ART will replace two existing ABQ RIDE bus routes on Central Avenue with a timelier service that utilizes a mix of dedicated lanes, bi-directional lanes and reversible lanes to keep buses moving. It will run by each station every seven and a half minutes, without being stuck in regular traffic.

Residents, Businesses File Lawsuit

The lawsuit, filed in the 10th Circuit Court, delayed the start of the project, but in August 2016 the 10th Circuit Court of Appeals lifted an injunction that had prevented construction.

A three-judge panel rejected legal arguments from project opponents who accused the city and Federal Transit Administration of violating environmental and national historic preservation laws in planning the project.

Opponents of ART insisted that creating bus-only lanes would choke traffic along Central Avenue, damage the charm of old Route 66 and hurt businesses along the route.

The litigation delayed the project about three months in 2016 from a planned late spring start to an Aug. 30 groundbreaking.

“I am pleased that the Appeals Court has allowed construction to begin on this catalytic project,” said Albuquerque Mayor Richard Berry in an Aug. 30 release. “The design team and our community have worked diligently for years to ensure ART is a world-class project that will bring opportunity for Central Avenue and the people of Albuquerque.”

Berry said the project will make Albuquerque a more connected and vibrant place to live. And he believes the electric-powered buses will save money and reduce pollution.

Traffic Impact Analysis

A traffic-impact analysis was performed as part of the environment evaluation. The impact to each signalized intersection on Central Avenue between Unser Boulevard and Louisiana Boulevard was assessed using actual traffic counts from morning and afternoon rush hours.

The results of the analysis found that all of the intersections would continue to operate in accordance with city of Albuquerque standards. In addition to the intersection-level analysis prepared for the project, the Mid-Region Council of Governments (MRCOG) analyzed potential impacts to parallel routes and found that while some through-traffic shifts to parallel routes, those routes have available capacity to handle the additional traffic and meet the city's standards.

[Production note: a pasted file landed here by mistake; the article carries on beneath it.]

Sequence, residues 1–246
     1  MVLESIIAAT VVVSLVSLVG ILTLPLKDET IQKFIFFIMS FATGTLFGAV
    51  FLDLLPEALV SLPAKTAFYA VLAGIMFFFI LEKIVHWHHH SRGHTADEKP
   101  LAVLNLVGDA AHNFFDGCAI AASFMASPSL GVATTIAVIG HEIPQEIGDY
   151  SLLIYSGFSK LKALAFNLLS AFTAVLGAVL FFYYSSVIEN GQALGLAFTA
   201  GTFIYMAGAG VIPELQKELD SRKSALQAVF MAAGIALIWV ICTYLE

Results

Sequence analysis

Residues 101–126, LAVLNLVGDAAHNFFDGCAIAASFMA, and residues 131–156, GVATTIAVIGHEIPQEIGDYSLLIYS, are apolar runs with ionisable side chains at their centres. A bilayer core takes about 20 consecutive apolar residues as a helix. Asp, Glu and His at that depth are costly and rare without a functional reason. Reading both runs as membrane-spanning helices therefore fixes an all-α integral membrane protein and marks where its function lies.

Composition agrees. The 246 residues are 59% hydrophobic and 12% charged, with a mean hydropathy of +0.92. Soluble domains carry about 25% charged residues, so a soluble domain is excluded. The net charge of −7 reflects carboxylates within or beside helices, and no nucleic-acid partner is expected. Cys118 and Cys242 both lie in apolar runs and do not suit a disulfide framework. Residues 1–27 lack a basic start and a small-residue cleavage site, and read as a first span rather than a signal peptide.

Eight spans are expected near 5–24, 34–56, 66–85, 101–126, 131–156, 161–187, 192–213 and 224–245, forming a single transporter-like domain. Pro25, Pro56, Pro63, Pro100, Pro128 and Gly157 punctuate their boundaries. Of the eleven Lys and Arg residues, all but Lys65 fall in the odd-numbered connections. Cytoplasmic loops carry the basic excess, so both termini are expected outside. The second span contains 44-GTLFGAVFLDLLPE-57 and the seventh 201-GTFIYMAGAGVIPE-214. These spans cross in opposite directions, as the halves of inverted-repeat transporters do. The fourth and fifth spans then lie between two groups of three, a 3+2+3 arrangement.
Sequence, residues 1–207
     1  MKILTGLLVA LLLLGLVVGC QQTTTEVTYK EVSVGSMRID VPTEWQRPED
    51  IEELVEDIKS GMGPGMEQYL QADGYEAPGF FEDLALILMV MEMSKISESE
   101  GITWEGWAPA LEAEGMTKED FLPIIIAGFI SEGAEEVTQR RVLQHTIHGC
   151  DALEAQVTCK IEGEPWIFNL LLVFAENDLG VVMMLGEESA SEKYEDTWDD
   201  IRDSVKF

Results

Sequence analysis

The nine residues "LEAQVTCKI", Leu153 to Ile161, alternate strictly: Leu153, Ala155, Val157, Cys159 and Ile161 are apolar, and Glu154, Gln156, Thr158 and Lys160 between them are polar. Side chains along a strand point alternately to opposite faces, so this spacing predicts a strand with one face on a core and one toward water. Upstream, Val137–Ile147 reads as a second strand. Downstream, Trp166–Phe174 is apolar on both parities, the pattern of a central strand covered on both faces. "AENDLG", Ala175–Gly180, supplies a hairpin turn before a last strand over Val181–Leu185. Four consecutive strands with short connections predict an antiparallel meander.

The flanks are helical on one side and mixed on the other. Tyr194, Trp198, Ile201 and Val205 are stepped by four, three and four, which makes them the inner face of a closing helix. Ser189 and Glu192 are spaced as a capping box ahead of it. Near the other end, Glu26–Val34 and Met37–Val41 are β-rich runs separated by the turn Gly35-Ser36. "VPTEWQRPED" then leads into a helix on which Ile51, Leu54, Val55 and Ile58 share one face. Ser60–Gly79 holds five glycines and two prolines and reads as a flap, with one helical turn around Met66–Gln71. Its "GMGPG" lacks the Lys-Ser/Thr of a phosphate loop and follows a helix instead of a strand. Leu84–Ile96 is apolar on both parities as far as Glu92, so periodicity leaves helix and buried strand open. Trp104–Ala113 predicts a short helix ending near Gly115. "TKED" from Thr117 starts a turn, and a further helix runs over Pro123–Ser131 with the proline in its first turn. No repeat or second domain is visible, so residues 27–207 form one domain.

Nationally, studies also have found that focusing development in major transit corridors like Central Avenue puts a significant dent in future congestion because it enables more people to use transit or other modes of transportation, including walking.

Zero Emissions Buses

Each ART bus will have seating for 40 to 50 people, depending on the number of wheelchair positions and bike-holding positions. The buses are constructed by BYD Motors Inc. of Los Angeles. The company's motor factory is in Lancaster, Calif. BYD Motors is maker of Zero-Emissions Battery Buses.

ART planners determined that the Central Avenue corridor has the ridership, population density, land uses and activity centers to support a successful bus rapid transit line. They point to successful similar corridors with successful bus lines in Ft. Collins, Colo., and in Cleveland.

The current Central Avenue bus line is hampered by traffic and delays at busy intersections as well as slow boarding times.

The ART bus system will bring numerous changes to Central Avenue including canopy-covered bus stations with ticket machines and seating, a new roadway surface from curb to curb, wider sidewalks in some areas, improved sidewalk lighting, station lighting, security cameras, emergency call boxes, public art, new trees and landscaping, narrower streets and slower car traffic.

The narrower streets help to provide space for outdoor café seating.

ART Could Help Real Estate, Jobs Market

Albuquerque Rapid Transit is expected to provide a boost to the local economy. A NAIOP (National Association for Industrial and Office Parks) study determined that development along the ART route could increase demand for housing in the area. New jobs would also be created, according to the findings.

The study shows potential for $900 million in new development and 5,000 new jobs as the result of ART.

The project is expected to encourage transit-oriented development. A transit-oriented development is a mixed-use area located within close proximity to a transit stop or line, normally with a core commercial area that is pedestrian-friendly.

Transit oriented development often focuses on a half-mile area, which is generally considered to be walking distance around a transit station.

Businesses to Remain Open During Construction

Meanwhile, businesses along Central Avenue face the inconvenience of a major construction project. ART officials report that one lane will be open in each direction at all times in front of businesses.

ART also will be working with business owners to ensure consumers know that the businesses are open.—CEG